Indigenous clot busting drug gets nod for clinical trials

The first indigenous clot-busting drug to dissolve life-threatening blockages inside blood vessels of heart has now received official permission to start clinical trials within a couple of weeks.

The drug is an advanced version of “streptokinase which has been found safe during trials in monkeys. The scientists insist that it is not same as first or second generation streptokinase available in the market for clot-busting treatment.

Left untreated, blockages of blood vessels inside heart can lead to a patient’s death. Though there are drugs to dissolve these clots, they are either too expensive or have side effects like internal bleeding.

“This is a novel patented product with an additional benefit of reduced internal bleeding. It should not be equated with other commercial products. Barring a few vaccines, this is the first indigenous protein-based therapeutic, which can dissolve a clot within 30 minutes,” Girish Sahni, Director of Institute of Microbial Technology, Chandigarh, who led the research team told Deccan Herald.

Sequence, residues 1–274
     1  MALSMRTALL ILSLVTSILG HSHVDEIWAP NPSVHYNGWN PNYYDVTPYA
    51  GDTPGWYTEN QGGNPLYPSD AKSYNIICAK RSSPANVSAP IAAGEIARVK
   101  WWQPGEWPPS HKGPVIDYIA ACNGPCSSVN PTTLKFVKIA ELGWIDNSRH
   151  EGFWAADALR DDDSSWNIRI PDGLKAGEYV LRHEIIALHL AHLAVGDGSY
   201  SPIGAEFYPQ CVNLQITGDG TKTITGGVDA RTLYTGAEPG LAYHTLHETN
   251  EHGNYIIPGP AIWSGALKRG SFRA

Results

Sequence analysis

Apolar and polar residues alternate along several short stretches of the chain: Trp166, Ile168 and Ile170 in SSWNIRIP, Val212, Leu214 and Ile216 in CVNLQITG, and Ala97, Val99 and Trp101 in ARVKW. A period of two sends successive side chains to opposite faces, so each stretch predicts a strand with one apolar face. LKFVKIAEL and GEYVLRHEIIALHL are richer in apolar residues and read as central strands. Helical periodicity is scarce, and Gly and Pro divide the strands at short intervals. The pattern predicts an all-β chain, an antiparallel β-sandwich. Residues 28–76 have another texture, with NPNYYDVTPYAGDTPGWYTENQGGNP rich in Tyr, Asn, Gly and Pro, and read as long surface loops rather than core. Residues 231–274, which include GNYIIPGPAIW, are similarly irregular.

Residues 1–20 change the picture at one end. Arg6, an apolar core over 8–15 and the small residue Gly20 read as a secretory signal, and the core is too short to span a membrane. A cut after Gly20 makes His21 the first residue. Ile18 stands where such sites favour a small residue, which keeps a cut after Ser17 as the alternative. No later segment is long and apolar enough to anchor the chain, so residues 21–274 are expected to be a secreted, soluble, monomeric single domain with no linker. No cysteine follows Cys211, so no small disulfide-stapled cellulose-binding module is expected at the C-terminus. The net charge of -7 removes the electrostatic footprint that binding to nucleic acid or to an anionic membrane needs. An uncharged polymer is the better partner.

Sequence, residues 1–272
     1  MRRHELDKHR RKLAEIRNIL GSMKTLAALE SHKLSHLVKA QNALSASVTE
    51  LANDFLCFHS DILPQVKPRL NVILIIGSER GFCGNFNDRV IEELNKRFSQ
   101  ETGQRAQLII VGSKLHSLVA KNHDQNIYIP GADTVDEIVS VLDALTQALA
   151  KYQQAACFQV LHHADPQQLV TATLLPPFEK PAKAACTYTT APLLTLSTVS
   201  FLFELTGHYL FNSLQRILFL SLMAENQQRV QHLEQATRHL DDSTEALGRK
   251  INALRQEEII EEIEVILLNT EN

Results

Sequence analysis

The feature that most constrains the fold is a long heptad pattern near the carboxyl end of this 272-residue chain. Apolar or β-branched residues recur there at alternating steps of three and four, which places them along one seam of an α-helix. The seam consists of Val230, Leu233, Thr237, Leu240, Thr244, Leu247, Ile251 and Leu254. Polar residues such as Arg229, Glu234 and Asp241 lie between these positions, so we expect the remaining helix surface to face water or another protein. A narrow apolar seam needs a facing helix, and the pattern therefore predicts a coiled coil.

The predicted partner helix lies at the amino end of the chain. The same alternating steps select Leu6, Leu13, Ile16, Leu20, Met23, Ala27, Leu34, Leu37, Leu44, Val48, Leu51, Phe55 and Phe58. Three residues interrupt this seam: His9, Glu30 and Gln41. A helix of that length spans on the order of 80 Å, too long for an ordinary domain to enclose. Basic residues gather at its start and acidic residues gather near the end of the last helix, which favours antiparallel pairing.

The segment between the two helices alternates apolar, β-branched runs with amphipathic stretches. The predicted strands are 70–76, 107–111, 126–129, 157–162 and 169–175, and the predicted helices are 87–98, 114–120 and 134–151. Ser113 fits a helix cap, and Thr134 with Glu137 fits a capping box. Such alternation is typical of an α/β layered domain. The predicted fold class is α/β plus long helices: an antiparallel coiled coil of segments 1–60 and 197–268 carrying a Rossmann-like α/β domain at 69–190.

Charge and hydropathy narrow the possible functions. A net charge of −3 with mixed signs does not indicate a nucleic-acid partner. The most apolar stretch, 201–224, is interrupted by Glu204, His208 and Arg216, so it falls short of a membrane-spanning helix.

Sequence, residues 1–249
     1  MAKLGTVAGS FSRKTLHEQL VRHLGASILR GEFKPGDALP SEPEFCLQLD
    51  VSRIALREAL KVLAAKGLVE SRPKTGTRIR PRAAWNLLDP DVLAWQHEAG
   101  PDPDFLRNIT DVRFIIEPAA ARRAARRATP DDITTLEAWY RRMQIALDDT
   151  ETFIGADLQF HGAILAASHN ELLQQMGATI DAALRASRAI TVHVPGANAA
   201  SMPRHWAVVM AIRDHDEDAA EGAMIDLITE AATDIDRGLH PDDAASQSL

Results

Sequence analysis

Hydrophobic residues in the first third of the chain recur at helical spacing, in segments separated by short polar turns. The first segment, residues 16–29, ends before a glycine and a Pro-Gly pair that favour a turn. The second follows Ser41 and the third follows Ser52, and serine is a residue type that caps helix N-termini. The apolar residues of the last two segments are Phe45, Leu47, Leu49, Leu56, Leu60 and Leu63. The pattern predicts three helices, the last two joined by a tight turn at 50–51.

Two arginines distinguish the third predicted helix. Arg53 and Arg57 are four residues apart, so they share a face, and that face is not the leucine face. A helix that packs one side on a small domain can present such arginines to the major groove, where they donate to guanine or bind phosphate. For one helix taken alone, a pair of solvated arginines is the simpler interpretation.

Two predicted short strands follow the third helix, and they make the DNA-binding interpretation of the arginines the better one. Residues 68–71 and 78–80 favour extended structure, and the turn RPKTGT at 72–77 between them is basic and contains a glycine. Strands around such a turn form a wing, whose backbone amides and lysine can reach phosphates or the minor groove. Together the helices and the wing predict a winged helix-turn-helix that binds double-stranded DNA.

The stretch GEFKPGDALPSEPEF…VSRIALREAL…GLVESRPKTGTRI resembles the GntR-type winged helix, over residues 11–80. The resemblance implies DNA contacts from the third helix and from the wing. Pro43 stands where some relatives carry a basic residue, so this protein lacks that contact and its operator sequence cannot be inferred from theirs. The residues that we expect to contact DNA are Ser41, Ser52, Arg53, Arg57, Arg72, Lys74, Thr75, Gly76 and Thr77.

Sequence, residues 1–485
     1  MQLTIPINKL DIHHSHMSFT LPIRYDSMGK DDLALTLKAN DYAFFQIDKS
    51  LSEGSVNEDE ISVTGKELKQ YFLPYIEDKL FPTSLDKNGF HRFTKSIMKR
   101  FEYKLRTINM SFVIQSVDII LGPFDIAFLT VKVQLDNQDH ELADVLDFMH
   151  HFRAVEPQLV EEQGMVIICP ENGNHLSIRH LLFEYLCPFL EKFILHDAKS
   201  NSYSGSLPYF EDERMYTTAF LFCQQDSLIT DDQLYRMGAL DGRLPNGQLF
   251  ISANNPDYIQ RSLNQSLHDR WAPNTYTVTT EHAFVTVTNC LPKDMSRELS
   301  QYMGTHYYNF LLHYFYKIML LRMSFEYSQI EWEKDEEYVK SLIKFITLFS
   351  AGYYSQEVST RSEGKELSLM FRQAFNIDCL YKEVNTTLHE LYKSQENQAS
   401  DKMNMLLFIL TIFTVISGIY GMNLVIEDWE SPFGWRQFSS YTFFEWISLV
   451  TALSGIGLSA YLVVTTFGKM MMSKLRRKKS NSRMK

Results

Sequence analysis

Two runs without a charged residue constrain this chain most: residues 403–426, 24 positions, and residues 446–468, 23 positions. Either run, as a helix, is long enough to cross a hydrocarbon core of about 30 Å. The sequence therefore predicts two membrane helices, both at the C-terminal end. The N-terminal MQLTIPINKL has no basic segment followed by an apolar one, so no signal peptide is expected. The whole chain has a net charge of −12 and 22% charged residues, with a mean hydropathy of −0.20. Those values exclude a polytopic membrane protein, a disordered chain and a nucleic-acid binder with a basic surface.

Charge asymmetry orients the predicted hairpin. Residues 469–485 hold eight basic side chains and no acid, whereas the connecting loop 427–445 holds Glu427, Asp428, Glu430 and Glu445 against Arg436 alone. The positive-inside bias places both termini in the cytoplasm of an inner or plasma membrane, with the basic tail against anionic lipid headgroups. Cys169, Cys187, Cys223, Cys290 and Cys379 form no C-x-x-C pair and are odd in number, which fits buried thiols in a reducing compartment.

The approval for phase one clinical trial came from the Drugs Controller General of India on Thursday. The trial may start in a clinical research organisation in Ahmedabad a few weeks and results will come by October.

While in the first phase, the safety of the drug will be tested on 25-30 healthy volunteers, phase II will be a multi-centric trial in which efficacy of the drug will be tested on heart patients.

The most promising clot-buster in the market is known as TPA or tissue plasminogen activator, which costs upwards of Rs 30,000 per vial in India. Commonly available streptokinase comes with a price tag of Rs 1,500-2,000 per vial.

 “The new molecule will be slightly more expensive than first or second generation streptokinase, but certainly not as costly as TPA. It will be affordable as only shot is required for each patient,” Sahni said.

Also unlike the TPA, that activates plasminogen proteins throughout the body, the new molecule is activated only after coming in contact with a blockage, making it a clot-specific streptokinase.

The drug has been licensed to a US-based firm, Nostrum Pharmaceuticals, which found it safe in test animals including monkeys. “It is promising also because it does not break apart fibrinogen and minimise the chances of recurrence,” Nirmal Mulay, chairman of Nostrum told Deccan Herald from New Jersey.

“The success comes 25 years after the Council of Scientific and Industrial Research set up a string of institutes, including IMTECH, to carry out research in frontier areas of biology. This is the first therapeutic protein molecule invented in India,” CSIR Director-General Samir K Brahmachari said.

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